Labor Relations Laws Module 4 – SLP
Disputes in a unionized workplace
Before you start this assignment, be sure that you have read the background readings for this module.
Read the following scenario:
Jocko and Thomas are both hourly employees working as forklift drivers in a large grocery chain’s central California warehouse. Their workplace is unionized. They work in the same warehouse section under Bert, the second shift supervisor.
Jocko has always found the job difficult, because the job was fast-paced, but repetitive; and even though the forklifts and machines do the heavy lifting and moving, there were situations in which a driver had to deal with slightly misplaced pallets or otherwise use ingenuity and “muscle” to keep things moving smoothly through the shift. Jocko was small in stature and obviously not as physically strong as his co-workers. Thomas made a point of never helping Jocko with these adjustments, even though he helped other drivers when such situations arose. Jocko was gay, and he thought Thomas resented having him there – Thomas never seemed to want to talk with Jocko on breaks, for example.
Jocko thought Thomas was being a bad colleague, especially on those days when Jocko could have really used Thomas’s help. Jocko mentioned to Bert, the supervisor, that he wished Thomas would help him once in a while. After all, he would be willing to help Thomas if he asked. Bert replied that he did not think that was going to happen.
It was not only Thomas who would never help Jocko. All of the other forklift drivers seemed to look the other way when Jocko found himself in a situation where there was “muscle” needed to keep things going.
Recently, the company implemented a new stacking protocol. Soon thereafter, Jocko was not meeting his production numbers on some days. He thought it was because he could not get any help from his colleagues when needed and his supervisor, Bert, did not seem to care.
Bert, his supervisor, did carefully record Jocko’s production numbers to highlight the shifts when he had underperformed. After a while, Jocko started skipping breaks and shortening his lunch break on some days so he could spend a little more time on the forklift and try to meet his production for the shift. No one seemed to care or notice.
As Jocko came to realize that he was going to get a bad performance review if the situation continued, he asked Bert if he could order his co-workers to help him when situations arose where he needed help. Bert said he could not give Jocko any special treatment.
Jocko grew more frustrated, especially by the lack of communication and what he considered to be the stubbornness of his co-workers in refusing to help him when he needed it. He reasoned that he had a family to feed, just as they did, and he had to do something about the unfair treatment he was receiving.
Jocko told Bert that he was going to tell the union that he wanted to file a grievance, because he thought the way he was being treated was not right.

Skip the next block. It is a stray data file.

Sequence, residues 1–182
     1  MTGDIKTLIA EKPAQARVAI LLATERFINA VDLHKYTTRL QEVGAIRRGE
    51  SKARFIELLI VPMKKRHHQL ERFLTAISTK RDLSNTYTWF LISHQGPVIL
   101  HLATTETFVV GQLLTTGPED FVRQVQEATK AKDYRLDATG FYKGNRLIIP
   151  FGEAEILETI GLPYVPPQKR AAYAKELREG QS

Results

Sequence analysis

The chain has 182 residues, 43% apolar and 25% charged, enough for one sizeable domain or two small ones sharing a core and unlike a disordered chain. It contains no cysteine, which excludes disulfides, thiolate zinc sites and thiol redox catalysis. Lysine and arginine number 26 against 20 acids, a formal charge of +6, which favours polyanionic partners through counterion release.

Bert told Jocko that he’d never known a grievance to work out for the person who filed it, but Jocko should do what he thought he needed to do.
Jocko felt very upset about what he perceived as Bert’s indifference. He filed a formal grievance with the union about the situation.
Prepare a 2- to 3-page (not counting title and reference pages) paper that addresses the following:
- What do you think will happen next? Why?
- Discuss the important steps in a grievance process that might take place to resolve this issue if Jocko files a grievance.
Discuss a plan of action to resolve an employee conflict in a unionized workplace.
- If you were the HR manager in this warehouse, what would you do to get to the root of the issue? Why?
Module 4 – Background
Labor Relations Laws Required Reading
Blumner, N. (1998). The role of cooperative structures in workplace transformation. Cornell University. Retrieved from http://www.mildredwarner.org/gov-restructuring/special-projects/cooperative.
Employee rights under the National Labor Relations Act. (n.d.). Retrieved from
Gray, G., Myers, D., and Myers, P. (1999). Cooperative provisions in labor agreements: a new paradigm? Monthly Labor Review, 29-45. Retrieved from https://www.bls.gov/mlr/1999/01/art4full.pdf
Katz, H. C., Kochan, T. A., & Colvin, A. J. S. (2017). An introduction to U. S. collective bargaining and labor relations. Ithaca: Cornell University Press. See module backgrounds for specific pages to read. Retrieved from Skillsoft Books in the Trident Online Library.
Korshak, S. (2001). Good union relationships are best. Workforce. Retrieved from https://www.workforce.com/2001/01/26/good-union-relationships-are-best/
Sultan, M. (2012) Managing Grievance Process (slideshow). Retrieved from https://www.slideshare.net/mohdhanifah/grievance-procedure-13512386
U.S. Department of Labor. (2017). Labor-Management Reporting and Disclosure Act, As Amended. Retrieved from https://www.dol.gov/olms/regs/compliance/compllmrda.htm
WatchMojo.com (2014). Top 10 labor strikes in U.S. history. Retrieved from https://www.youtube.com/watch?v=Xgd7_K5pCCU.
Devinatz, V. G. (2013). The crisis of U.S. trade unionism and what needs to be done. Labor Law Journal, 64(1), 5-19. Retrieved from ProQuest in the Trident Online Library.
Federal Mediation and Conciliation Service. (n.d.) What is grievance mediation? Retrieved from https://www.fmcs.gov/wp-content/uploads/2015/07/146-Grievance.pdf
Ji, M. (2016). Revolution or Reform? Union-Worker Cooperative Relations in the United States and Korea. Labor Studies Journal, 41(4), 355–366. Available in the Trident Online Library.
National Labor Relations Board. (n.d.) 1947 Taft-Hartley substantive provisions. Retrieved from
National Labor Relations Board. The NLRB Process. Retrieved from https://www.nlrb.gov/resources/nlrb-process
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